Usually, I roll my eyes when I see Jack Black’s name attached to a moving picture project of any sort. I also tend to sway my ocular organs upwards whenever I see that the overpaid, pretentious fools in Hollywood with “Thalberg Syndrome” (a term that was coined, ironically enough, by George Lucas) have decided to look past the countless number of scripts turned in day after day by talented, hopeful and aspiring writers who offer some truly original ideas; favoring instead the chance to make something that had already been made several times over. Their method behind this madness, of course, is that once something has been proven successful, it’ll keep making money. Another oft-imprudent Tinseltown belief is that they can enhance that which had previously been hailed as “definitive” by incorporating new-and-improved special effects into a tired old story and subsequently abandoning said story altogether.
When I saw the advertisements for yet another version of Gulliver’s Travels, I thought to myself: “Hmm. Maybe they could actually pull this one off — even if it does star Jack Black.”
Yes, I was actually willing to give this one a chance, people.
Now, were I a religious individual, my initial reaction to the 2010 adaptation of Jonathan Swift’s immortal tale, Gulliver’s Travels, would have been a solemn and rather feeble “Why, God? Why!?” However, seeing as how I am not of the pious nature, my first retort to seeing the crack of Jack Black’s ass as it engulfed a poor, wretched Lilliputian soldier somewhere near the beginning of the film was a stern and very forceful “Fuck you, Hollywood!”
And, in case the horrific image of such an occurrence hasn’t succeeded in developing within your mind, here’s a screen-cap to give you nightmares for years to come.
Now then, let’s proceed with pointing out several other things about Gulliver’s Travels that should make you not want to see it (or remind you why you wish you hadn’t, in the event you already did). The story opens with a peek into the personal life of our hero, Lemuel Gulliver (as portrayed by Monsieur Noir) — a childish, overweight dweeb who has worked as the mailroom clerk of a New York newspaper for the better part of ten years who seemingly exists to do little more than play with his vintage Star Wars action figures (hey, at least he’s not foolin’ around with those damn PotF toys!); waste time with video games; and house a secret, 95%-creepy crush on the paper’s travel editor, Darcy (Amanda Peet, who no doubt longs for the days wherein she played second fiddle to Jason Biggs after this one).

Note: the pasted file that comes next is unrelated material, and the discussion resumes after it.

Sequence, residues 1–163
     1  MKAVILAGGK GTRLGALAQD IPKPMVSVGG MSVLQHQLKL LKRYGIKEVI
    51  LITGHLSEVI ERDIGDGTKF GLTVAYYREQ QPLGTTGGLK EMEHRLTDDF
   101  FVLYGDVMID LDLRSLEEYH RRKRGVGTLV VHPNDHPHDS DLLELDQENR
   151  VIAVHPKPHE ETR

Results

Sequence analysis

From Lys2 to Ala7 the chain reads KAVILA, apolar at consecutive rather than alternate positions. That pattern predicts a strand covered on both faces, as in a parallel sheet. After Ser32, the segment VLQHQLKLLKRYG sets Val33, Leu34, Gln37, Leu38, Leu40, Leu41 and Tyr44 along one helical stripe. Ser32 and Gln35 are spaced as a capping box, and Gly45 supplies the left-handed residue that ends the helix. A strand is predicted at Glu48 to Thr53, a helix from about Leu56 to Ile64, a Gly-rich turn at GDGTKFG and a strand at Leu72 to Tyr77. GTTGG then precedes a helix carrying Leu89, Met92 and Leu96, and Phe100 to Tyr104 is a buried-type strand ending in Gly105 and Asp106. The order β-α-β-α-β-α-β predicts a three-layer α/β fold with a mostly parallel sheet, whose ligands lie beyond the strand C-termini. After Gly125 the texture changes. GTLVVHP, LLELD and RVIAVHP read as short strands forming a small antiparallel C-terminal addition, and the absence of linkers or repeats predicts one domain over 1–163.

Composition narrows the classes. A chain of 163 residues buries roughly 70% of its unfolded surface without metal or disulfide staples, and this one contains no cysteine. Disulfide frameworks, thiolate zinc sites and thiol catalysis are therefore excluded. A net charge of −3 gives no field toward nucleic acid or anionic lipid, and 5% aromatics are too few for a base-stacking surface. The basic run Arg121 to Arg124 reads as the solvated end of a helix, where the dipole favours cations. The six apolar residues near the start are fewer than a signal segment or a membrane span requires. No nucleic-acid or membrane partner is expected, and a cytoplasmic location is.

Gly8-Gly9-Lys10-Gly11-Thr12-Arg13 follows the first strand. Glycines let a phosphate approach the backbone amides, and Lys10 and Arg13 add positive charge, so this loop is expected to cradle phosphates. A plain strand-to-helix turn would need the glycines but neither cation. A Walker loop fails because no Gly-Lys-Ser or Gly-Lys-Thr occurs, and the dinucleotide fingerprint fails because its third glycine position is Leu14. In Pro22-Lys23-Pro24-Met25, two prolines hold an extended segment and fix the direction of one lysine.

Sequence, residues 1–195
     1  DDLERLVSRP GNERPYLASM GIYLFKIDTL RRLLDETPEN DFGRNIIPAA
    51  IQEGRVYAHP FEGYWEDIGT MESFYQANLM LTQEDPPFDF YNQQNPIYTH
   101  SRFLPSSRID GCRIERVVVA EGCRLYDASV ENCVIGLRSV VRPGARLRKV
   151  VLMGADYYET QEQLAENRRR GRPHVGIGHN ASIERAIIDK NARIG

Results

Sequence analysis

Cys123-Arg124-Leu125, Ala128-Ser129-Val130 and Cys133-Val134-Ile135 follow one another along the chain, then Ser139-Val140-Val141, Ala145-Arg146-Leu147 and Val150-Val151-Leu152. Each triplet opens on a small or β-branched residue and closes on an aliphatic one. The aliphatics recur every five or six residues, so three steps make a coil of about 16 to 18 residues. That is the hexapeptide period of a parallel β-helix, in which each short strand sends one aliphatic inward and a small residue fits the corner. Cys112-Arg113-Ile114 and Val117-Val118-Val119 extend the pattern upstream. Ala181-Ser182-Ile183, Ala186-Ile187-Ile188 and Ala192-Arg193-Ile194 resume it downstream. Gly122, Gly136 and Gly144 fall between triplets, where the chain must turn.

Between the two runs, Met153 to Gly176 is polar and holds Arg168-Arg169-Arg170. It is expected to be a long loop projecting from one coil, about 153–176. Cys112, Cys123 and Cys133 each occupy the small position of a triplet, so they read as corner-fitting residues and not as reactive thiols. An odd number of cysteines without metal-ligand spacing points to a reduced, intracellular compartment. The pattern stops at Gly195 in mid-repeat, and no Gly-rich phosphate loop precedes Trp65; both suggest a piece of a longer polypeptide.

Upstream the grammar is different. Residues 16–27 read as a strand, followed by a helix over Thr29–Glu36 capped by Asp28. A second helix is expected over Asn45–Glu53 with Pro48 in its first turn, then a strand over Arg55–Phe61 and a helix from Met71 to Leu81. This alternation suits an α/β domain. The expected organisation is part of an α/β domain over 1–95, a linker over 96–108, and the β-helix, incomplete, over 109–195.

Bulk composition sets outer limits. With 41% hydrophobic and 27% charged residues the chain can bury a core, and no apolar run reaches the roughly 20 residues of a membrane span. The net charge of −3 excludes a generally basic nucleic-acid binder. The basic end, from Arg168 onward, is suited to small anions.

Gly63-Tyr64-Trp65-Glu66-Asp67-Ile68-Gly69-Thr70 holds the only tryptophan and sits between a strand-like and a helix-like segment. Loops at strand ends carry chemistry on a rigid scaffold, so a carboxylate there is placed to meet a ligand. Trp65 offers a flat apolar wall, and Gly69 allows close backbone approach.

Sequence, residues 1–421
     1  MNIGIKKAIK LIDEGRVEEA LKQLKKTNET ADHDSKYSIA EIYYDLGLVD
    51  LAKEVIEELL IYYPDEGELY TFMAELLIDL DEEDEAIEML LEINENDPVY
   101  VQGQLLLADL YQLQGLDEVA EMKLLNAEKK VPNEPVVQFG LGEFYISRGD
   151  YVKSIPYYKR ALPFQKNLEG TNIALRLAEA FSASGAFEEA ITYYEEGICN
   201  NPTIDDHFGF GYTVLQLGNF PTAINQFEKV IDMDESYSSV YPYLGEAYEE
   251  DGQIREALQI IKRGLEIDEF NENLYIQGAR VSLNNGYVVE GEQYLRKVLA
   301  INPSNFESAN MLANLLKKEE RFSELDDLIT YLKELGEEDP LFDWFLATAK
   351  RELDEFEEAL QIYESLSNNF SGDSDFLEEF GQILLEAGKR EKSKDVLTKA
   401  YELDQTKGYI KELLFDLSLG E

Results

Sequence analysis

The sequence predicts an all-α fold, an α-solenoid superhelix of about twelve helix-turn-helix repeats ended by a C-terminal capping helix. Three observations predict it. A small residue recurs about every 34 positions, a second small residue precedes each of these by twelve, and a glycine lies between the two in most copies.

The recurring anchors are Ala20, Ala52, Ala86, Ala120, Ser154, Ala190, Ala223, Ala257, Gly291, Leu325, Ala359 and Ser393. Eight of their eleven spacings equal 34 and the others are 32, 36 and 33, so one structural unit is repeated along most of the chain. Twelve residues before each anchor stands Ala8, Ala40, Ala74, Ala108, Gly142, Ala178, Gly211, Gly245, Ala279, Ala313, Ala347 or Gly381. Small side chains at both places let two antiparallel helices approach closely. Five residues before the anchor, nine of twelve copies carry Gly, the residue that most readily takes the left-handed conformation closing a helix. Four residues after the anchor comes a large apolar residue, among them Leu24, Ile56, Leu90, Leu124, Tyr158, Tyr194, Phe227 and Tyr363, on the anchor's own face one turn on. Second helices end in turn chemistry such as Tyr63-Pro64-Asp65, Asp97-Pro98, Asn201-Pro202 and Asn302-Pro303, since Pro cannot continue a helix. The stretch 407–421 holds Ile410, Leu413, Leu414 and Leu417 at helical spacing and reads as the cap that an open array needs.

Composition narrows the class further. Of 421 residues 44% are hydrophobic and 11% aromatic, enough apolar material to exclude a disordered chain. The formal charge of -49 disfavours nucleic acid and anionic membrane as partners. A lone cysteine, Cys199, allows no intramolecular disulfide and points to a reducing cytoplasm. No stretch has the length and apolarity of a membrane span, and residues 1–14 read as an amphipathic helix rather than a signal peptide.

Gulliver also happens to be a big fat liar — and his ability to fib takes over one fateful afternoon when his inability to ask Darcy out retreats like a scrawny old incontinent cat. Plagiarizing bits and pieces from several other sources (apparently, he’s a blogger, too), Lemuel turns in a sample of his “writing” and lands a sea-faring job in the Bermuda Triangle.
Yep, you read that right, kids: the writers of Gulliver’s Travels were so lazy that they played the Bermuda Triangle card.
So, anyway, after a devastating brush with the CGI machine, our hero (yup, you read that one correctly, too: he’s our protagonist!) winds up washing ashore of Lilliput — where everyone is about 1/12th the size of Lemuel’s world. Shortly after inserting the aforementioned mini-man up his backside, our giant is imprisoned and subsequently released when he extinguishes a nearly-cataclysmic by dropping his drawers and peeing on the giant flame: a gag reminiscent of Strange Brew — only this time Billy Connolly gets waterlogged in urine during his most humiliating performance ever as Lilliputian King Benjamin (yes, this is comedy, folks). Later, after winning the hearts of the citizens of Lilliput, Gulliver transforms the monarchy into a merchandising inferno akin to Times Square — littered with many different puns and plays on popular current media favorites like that goddamned Avatar movie (nah, there’s no way this movie will become dated in a couple of years).